Let's put this in perspective. With three electorates totalling under 14,000 registered voters, the General Voters had three seats. Compare this with Fijian Urban voters where it took an average of 32,000 voters to return one MP. Put another way, three General Voters electorates with 14,000 voters had three MPs, the same as 98,000 Urban Fijians in three electorates. There were similar discrepancies in other electorates. Ba West Fijian Communal and the Nadi Indian Communal electorates, for example, also had more registered voters than the three General Voters electorates combined but they each only returned only one MP. This is the reality of the fair and democratic electoral system Mick wishes to retain or slightly modify.
The Farce of the Parliamentary Opposition
Another consequence of the race-based electoral system saw the two member UPP become the parliamentary opposition, and Mick the Leader of the Opposition. Representing barely 5,000 people in the two electorates they had won, the UPP held two of parliament's 71 seats that represented close to 480,000 voters, while an independent represented the other General Voter electorate.
Who are the General Voters/Other Races?
Finally, it is important to look at the concept and reality of General Voters. Put bluntly, it is difficult to see the General Voters/Other Races as an ethnic group or even as a group of ethnicities with some common demographic, economic, social or cultural characteristics.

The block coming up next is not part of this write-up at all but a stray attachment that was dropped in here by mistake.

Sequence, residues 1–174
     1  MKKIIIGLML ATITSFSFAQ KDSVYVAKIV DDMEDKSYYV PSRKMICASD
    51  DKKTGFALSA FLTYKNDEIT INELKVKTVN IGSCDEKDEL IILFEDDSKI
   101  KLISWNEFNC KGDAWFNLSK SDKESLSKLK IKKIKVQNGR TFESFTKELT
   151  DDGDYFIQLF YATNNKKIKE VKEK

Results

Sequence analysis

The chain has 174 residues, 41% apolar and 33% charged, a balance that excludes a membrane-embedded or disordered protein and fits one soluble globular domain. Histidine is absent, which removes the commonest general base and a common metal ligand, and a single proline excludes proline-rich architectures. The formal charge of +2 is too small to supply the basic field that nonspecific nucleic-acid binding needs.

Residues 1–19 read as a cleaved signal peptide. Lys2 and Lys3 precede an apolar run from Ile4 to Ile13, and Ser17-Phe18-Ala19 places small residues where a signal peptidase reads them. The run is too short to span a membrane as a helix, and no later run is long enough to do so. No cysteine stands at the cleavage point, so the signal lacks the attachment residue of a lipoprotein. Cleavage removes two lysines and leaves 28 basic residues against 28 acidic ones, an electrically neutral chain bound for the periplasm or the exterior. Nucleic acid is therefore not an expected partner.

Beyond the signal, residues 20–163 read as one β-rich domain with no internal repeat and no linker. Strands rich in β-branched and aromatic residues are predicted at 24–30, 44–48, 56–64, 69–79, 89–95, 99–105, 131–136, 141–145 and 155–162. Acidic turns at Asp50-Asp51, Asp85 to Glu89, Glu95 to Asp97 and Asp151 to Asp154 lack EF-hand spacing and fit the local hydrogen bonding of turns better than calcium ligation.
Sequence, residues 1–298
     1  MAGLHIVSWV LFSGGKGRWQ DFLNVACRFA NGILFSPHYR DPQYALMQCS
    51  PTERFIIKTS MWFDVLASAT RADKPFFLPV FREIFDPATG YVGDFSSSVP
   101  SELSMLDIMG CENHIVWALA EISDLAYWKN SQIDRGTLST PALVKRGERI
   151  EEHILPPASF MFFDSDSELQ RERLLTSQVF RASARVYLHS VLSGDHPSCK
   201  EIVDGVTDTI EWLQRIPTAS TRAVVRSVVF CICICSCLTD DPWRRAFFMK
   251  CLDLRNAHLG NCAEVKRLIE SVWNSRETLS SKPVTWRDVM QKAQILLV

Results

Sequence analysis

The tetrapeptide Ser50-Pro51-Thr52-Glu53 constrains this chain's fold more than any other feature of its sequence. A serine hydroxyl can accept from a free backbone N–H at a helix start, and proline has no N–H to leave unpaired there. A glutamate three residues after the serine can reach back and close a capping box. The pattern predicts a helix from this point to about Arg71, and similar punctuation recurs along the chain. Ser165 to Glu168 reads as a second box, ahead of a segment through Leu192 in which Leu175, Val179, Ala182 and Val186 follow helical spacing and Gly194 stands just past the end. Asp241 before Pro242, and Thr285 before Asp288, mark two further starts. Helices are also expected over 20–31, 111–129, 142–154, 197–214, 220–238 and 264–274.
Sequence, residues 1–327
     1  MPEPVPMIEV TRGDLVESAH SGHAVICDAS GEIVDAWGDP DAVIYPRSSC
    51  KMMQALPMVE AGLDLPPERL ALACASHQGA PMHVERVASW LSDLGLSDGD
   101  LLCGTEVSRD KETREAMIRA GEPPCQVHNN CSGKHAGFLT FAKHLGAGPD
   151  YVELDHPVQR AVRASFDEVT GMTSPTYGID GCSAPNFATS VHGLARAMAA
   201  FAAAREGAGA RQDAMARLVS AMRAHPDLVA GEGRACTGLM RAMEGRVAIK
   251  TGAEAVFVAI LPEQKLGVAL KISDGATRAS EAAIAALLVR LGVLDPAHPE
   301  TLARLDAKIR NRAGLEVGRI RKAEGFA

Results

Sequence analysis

The last official figures I have are for the 1996 census, but at that date, Other Races included some 3,000 Europeans, 5,000 Chinese and part-Chinese, 11,600 Part-Europeans, and 10,000 Other Pacific Islanders.
It does not stop there because within each of these groups, there are further divisions. Most of the Europeans are non-citizen expatriates many of whom will leave Fiji. Many Part-Europeans are part-ITauakei, the KaiLoma. Some of their families have traditional links with ITaukei families, and they are a "fully accepted" part of Fiji. Others, by choice or no choice, are less securely accepted. Among the Chinese there are the long established, the new arrivals, and the Part-Chinese who identify closely with ITaukei. The Other Pacific Islanders who are citizens are made up of Kai Solomoni and Kai Vanuatu, descendants of indentured labourers who have married into ITaukei families, Banabans and Tuvaluans with land in Fiji, and Samoans, Tongans and others. Even they do not share basic similarities.